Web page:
Is Maritima liable for damages?


Yes. Article 587 speaks only of situations where the fault or negligence is committed solely
by the captain. In cases where the shipowner is likewise to be blamed, Article 587 does not apply.
Such a situation will be covered by the provisions of the New Civil Code on Common Carriers.

Owing to the nature of their business and for reasons of public policy, common carriers
are tasked to observe extraordinary diligence in the vigilance over the goods and for the safety
of its passengers (Article 1733, New Civil Code). Further, they are bound to carry the passengers
safely as far as human care and foresight can provide, using the utmost diligence of very cautious
persons, with a due regard for all the circumstances (Article 1755, New Civil Code). Whenever
death or injury to a passenger occurs, common carriers are presumed to have been at fault or to
have acted negligently unless they prove that they observed extraordinary diligence as
prescribed by Articles 1733 and 1755 (Article 1756, New Civil Code).

The claim that Maritima was unaware of the typhoon is improbable since the Weather
Bureau issued 17 warnings on shipping companies three days before the sinking of the vessel.
Further, in the captain’s radiogram one day before the sinking, he stated the he was ‘still
observing the weather,’ implicitly suggesting that he had known even before departure of the
unusual weather condition.

If the captain knew of the typhoon beforehand, it is inconceivable for Maritima to be

totally in the dark of 'Welming.' In allowing the ship to depart late from Manila despite the
typhoon advisories, Maritima displayed lack of foresight and minimum concern for the safety of
its passengers taking into account the surrounding circumstances of the case. It shared equal
liability with captain for negligence.
Origin and Growth of Insurance – Real and Hypothecary Nature of Maritime Law; Doctrine of
Limited Liability

Aboitiz Shipping Corporation v. New India Assurance Company

G.R. No. 156978
May 2, 2006


Societe Francaise Des Colloides loaded a cargo of textiles and auxiliary chemicals from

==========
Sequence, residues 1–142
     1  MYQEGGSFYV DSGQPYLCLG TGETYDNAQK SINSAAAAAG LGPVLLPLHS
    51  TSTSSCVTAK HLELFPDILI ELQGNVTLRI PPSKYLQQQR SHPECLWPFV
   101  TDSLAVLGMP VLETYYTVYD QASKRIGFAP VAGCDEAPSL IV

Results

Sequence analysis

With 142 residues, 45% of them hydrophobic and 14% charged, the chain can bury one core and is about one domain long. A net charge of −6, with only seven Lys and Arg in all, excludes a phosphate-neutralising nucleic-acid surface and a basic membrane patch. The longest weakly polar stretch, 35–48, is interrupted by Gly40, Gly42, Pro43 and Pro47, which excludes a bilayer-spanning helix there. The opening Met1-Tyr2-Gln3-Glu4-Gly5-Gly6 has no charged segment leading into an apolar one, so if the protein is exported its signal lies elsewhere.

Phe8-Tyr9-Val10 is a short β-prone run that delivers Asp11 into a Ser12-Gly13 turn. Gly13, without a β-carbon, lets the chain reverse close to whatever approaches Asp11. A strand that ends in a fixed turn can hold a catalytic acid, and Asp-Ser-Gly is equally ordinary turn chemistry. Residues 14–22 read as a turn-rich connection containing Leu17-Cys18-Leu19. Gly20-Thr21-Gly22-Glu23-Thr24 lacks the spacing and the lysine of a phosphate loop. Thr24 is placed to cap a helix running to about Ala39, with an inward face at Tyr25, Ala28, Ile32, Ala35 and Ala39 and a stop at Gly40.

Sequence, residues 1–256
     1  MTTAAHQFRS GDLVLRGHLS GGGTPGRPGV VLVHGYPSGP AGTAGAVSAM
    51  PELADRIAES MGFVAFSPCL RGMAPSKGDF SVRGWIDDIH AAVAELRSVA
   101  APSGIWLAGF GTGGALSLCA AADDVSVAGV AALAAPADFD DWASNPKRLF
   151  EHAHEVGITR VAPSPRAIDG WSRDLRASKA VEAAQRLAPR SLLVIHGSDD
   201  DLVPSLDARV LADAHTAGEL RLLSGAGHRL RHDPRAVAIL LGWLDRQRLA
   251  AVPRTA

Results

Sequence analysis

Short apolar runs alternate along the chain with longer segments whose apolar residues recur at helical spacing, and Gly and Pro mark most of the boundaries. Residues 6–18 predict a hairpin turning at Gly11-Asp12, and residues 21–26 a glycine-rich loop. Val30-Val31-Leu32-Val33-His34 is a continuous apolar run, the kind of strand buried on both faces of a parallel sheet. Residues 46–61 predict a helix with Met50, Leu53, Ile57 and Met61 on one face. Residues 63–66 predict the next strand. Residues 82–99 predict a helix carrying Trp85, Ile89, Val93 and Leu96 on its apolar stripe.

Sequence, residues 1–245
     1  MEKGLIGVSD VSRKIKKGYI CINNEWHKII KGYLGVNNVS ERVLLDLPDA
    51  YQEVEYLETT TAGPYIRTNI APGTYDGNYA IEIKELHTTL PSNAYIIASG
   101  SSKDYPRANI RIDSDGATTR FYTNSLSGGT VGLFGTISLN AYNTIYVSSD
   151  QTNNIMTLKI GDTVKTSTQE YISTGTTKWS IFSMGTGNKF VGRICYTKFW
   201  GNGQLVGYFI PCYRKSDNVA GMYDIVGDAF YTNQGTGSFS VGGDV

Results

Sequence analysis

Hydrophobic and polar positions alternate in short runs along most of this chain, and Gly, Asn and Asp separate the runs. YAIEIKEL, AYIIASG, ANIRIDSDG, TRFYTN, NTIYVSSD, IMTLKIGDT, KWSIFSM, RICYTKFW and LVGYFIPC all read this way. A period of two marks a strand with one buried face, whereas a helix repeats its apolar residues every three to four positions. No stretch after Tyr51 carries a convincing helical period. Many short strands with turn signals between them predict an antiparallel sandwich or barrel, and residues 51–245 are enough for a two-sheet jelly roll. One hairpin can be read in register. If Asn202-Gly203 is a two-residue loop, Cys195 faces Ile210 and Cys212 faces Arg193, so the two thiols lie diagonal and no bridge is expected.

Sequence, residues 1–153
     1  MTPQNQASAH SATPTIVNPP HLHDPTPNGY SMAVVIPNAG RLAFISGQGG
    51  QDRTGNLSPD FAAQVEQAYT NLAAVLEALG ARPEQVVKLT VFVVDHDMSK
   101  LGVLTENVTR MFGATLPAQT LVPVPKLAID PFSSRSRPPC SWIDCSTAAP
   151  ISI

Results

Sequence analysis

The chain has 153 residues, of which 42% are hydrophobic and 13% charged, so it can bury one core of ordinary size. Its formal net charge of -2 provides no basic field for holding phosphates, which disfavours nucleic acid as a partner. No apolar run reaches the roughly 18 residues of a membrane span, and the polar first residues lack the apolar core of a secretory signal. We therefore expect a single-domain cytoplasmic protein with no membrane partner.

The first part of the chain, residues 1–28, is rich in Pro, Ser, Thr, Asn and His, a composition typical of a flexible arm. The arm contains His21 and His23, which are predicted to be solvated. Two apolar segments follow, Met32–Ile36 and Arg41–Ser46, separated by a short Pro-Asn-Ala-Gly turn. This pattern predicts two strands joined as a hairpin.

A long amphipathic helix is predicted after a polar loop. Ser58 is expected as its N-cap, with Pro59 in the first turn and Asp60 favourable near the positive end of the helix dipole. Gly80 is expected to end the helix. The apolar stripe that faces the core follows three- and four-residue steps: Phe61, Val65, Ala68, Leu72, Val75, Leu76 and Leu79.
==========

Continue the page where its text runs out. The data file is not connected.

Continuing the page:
France on board a vessel owned by Franco-Belgian Services, Inc. The cargo was consigned to
General Textile, Inc., in Manila and insured by respondent New India Assurance Company, Ltd.
While in Hong Kong, the cargo was transferred to M/V P. Aboitiz for transshipment to Manila.

Before departing, the vessel was advised that it was safe to travel to its destination. But
while at sea, the vessel received a report of a typhoon moving within its general path. To avoid
the typhoon, the vessel changed its course. However, it was still at the fringe of the typhoon
when its hull leaked. On October 31, 1980, the vessel sank, but the captain and his crew were

In 1980, the captain of M/V P. Aboitiz filed his marine protest. Thereafter, petitioner
notified the consignee, General Textile, of the total loss of the vessel and all of its cargoes.
General Textile lodged a claim with respondent for the amount of its loss. Respondent paid
General Textile and was subrogated to the rights of the latter.

Respondent hired a surveyor, Perfect, Lambert and Company. In its report, it was
concluded that the cause was the flooding of the holds brought about by the vessel’s
questionable seaworthiness. Thus, respondent filed a complaint for damages against petitioner
alleging that the proximate cause of the loss of the shipment was the fault or negligence of the
master and crew of the vessel, its unseaworthiness, and the failure of defendants therein to
exercise extraordinary diligence in the transport of the goods. He also added that there was
breach of their contract of carriage.

Petitioner raised the defense that the ship was seaworthy. It alleged that the sinking of